1990-1999 Growth “This time it’s different.
Growth will now always win.”
1991-2000 Value
1992-2001 Value
1993-2002 Value
1994-2003 Value
1995-2004 Value
1996-2005 Value
1997-2006 Value
1998-2007 Value
1999-2008 Value
2000-2009 Value
2001-2010 Value
2002-2011 Growth “This time it’s different.
Growth will now always win.”
2003-2012 Growth “This time it’s different.
Growth will now always win.”
2004-2013 Growth “This time it’s different.
Growth will now always win.”
2005-2014 Growth “This time it’s different.
Growth will now always win.”
2006-2015 Growth “This time it’s different.
Growth will now always win.”
2007-2016 Growth “This time it’s different.
Growth will now always win.”
2008-2017 Growth “This time it’s different.
Growth will now always win.”
2009-2018 Growth “This time it’s different.
Growth will now always win.”
2010-2019* Growth “This time it’s different.
Growth will now always win.”

Growth stocks are racing. But that doesn’t mean value stocks are running on flat tires. According to Vanguard, U.S. value stocks gained 11.07 percent over the past 12 months, ending November 30, 2019. They also averaged compound annual returns of 11.69 percent, 9.57 percent and 12.37 percent over the past 3, 5 and 10-year periods.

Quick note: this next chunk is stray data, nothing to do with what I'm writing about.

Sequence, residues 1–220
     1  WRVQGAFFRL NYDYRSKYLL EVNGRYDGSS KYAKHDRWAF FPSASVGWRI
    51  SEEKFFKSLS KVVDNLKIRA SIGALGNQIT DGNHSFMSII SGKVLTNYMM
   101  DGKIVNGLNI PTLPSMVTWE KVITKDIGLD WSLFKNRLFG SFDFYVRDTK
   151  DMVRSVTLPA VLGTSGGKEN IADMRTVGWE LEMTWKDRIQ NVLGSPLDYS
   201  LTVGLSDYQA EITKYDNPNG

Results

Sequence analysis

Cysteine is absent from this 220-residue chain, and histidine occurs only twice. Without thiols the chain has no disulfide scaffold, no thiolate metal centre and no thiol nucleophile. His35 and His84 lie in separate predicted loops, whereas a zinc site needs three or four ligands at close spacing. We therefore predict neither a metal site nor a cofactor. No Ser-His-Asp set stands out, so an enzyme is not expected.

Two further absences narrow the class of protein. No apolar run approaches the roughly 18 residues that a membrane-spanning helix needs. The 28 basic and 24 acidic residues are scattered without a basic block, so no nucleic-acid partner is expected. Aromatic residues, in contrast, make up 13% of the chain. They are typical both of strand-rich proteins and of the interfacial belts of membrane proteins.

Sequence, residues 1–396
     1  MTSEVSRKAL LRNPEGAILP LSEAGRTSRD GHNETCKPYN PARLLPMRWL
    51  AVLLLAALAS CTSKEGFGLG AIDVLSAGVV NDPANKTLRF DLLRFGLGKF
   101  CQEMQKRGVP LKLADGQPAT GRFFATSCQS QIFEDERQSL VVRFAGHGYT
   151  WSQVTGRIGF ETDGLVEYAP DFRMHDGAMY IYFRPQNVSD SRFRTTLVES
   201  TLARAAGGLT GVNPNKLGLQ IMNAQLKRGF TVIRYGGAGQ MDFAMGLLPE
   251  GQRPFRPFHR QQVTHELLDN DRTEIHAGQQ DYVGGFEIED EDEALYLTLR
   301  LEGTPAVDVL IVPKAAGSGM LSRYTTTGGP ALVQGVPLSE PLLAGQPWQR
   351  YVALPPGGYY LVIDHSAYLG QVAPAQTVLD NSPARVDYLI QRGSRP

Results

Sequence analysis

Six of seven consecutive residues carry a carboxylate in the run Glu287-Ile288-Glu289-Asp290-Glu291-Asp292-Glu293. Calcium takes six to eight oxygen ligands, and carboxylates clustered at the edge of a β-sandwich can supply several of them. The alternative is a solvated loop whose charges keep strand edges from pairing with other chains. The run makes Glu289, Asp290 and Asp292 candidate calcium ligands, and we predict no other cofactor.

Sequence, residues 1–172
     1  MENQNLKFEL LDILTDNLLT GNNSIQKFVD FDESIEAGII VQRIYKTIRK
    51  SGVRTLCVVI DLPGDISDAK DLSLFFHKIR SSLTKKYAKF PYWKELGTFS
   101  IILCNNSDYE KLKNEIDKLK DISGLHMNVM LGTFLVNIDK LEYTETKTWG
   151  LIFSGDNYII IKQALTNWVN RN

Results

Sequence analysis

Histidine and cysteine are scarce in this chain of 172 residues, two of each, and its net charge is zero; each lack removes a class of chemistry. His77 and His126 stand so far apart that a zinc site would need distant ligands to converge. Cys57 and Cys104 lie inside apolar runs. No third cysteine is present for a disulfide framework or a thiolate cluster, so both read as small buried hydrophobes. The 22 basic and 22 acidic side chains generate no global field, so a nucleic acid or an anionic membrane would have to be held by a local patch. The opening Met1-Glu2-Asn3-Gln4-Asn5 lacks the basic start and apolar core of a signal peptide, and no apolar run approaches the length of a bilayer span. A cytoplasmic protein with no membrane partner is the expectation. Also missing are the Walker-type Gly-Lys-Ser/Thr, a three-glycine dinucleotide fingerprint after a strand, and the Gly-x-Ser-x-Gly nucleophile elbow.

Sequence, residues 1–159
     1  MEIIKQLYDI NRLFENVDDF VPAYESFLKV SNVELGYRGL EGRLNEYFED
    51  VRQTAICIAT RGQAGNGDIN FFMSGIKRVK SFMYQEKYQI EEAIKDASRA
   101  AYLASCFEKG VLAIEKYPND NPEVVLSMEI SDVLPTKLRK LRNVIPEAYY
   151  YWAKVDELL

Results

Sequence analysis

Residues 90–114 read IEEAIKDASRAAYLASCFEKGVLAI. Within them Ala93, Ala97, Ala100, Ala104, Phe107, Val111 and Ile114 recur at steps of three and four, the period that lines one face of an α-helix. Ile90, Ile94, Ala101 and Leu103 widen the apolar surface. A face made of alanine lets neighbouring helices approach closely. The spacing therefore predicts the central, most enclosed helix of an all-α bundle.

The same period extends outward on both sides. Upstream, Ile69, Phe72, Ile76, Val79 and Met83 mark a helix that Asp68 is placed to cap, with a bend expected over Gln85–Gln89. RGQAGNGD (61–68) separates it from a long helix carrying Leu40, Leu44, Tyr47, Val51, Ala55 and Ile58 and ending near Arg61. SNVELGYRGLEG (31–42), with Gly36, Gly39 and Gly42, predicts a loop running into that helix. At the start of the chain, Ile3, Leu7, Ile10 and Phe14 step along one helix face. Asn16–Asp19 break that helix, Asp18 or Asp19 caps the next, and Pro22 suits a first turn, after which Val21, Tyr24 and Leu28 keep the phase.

In other words, if somebody invested $10,000 in U.S. value stocks on November 30, 2009, it would have grown to almost $33,000 ten years later. That’s a compound annual return of 12.37 percent. It’s far higher than the long-term average return for growth and value stocks.

But U.S. growth stocks, by comparison, have raced on nitrate fuel. Over the past 1, 3, 5 and 10-year periods, they averaged compound annual returns of 21.7 percent, 18.49 percent, 12.33 percent and 14.69 percent respectively. If somebody invested $10,000 in U.S. growth stocks on November 30, 2009, it would have ballooned to about $39,300 ten years later.

Growth stocks’ price-to-earnings ratios continue to increase. That puts them in a danger-zone, much like a car with over-inflated tires. If stocks soon fall hard, overpriced stocks (as always) will lead the downward plunge.

It’s tough not to buy growth stocks (or growth stock index funds) when they’re scorching around the track. But investors should remember several important rules:

  1. Maintain a diversified portfolio of low-cost index funds.
  2. If the portfolio includes a growth stock index, make sure it includes a value stock index too (a total stock market index would include both).
  3. Make sure the portfolio includes exposure to international stocks.
  4. Include a bond market index, based on your tolerance for risk. Higher bond allocations bring lower long-term returns. But bonds add stability when stocks crash.

Too many investors, unfortunately, chase past performance. In many cases, they’re breaking sound investment rules to stockpile money in America’s fastest growing stocks. But when their racetrack turns to ice or those tires decide to burst, these are the drivers who will pay the highest price.

Andrew Hallam is a Digital Nomad. He’s the author of the bestseller Millionaire Teacher and Millionaire Expat: How To Build Wealth Living Overseas